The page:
Whether you’re in complete and utter agreement with Gary Lineker’s comments, or whether you felt that he caused unnecessary controversy up and down the country, the one thing that no one can argue with is the fact that this shows that footballer’s opinions are incredibly valuable when it comes to matters both on and off the pitch.
If you’re of a certain age and you can remember Gary Lineker play – you’ll struggle to remember a time when Lineker has done anything controversial during his entire playing career. I would also go as far as to suggest that Gary may actually be the least controversial player of all time.
I mean, let’s face it, he didn’t even say anything controversial to a referee during his illustrious 16-years in the beautiful game – and that’s including during his brief stint in Japan. In fact, Gary Lineker has done his bit for charity as well, as you can see from the custom sports kits we created for Red for Give Blood which we created to encourage more people to give blood and help to save lives.
Last week, however, Lineker did manage to cause controversy with a tweet which he posted from his personal Twitter account. A tweet that somehow managed to work its way into the national press and also, somehow, led to calls for the BBC to remove him from his position as presenter of Match of the Day – something which the BBC quickly refused to do.
The tweet in question said this:
“The treatment by some towards these young refugees is hideously racist and utterly heartless. What’s happening to our country?”
Now, I don’t want to get involved in this debate and I won’t mention which side of the fence either I or Garment Printing lie on when it comes to this comment. Some people have seen Gary become a shining light in bleak times and others believe that his use of the word “racist” was completely out of line and he should hold himself to a better account due to his position of fame and influence.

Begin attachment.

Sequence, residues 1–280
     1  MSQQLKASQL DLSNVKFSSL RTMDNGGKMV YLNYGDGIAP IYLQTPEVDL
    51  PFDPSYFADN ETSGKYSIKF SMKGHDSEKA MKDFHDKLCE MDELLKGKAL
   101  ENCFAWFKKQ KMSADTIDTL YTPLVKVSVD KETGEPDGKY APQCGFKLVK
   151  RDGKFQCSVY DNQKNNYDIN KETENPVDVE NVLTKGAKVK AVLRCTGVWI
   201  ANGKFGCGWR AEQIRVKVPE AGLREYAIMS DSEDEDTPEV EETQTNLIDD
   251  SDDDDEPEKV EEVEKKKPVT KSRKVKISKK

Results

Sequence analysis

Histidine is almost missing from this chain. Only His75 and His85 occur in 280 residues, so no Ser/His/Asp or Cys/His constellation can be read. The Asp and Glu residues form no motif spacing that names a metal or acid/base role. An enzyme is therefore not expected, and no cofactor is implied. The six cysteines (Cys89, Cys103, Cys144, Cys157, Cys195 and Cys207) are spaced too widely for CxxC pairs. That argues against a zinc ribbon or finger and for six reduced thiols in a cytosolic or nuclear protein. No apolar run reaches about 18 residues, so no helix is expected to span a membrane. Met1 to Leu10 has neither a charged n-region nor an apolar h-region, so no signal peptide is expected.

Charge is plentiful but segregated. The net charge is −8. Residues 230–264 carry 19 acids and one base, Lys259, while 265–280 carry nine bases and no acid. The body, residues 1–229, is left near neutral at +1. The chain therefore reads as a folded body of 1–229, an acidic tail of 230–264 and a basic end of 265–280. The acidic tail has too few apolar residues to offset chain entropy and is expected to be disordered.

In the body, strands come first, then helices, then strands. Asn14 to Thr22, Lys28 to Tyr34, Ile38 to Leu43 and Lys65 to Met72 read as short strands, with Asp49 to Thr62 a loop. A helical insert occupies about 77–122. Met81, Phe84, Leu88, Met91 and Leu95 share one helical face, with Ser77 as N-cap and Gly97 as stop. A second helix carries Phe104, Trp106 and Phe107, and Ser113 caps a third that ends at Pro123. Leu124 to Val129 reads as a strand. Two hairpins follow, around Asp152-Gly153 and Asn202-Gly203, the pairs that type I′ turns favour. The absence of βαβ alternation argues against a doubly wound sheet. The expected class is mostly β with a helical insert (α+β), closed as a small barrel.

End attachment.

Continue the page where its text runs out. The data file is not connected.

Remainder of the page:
One thing that this does show, however, is that professional footballers have a huge voice when it comes to talking to the general public. It also shows that social media is an excellent channel to get your voice across when it comes to subjects that clearly matter to you – something that Mr Lineker has done and continues to do.
How does it show this?
Well, that’s simple. All you need to do is take a look at Friday’s front page of the Sun newspaper. You can also take a look at the number of people who have liked, shared and also commented (whether it’s messages of support or otherwise) on his tweet and subsequent tweets that he’s posted in relation to the comments that he has since received.
At the current count, the original tweet has been retweeted 14,000 times and it currently has 29,000 likes. While the follow-up tweets haven’t received as much attention as this, just by looking at his Twitter feed it’s easy to see that someone who is regarded as an English footballing icon and national treasure can cause a storm with it comes to his own opinions and voicing them.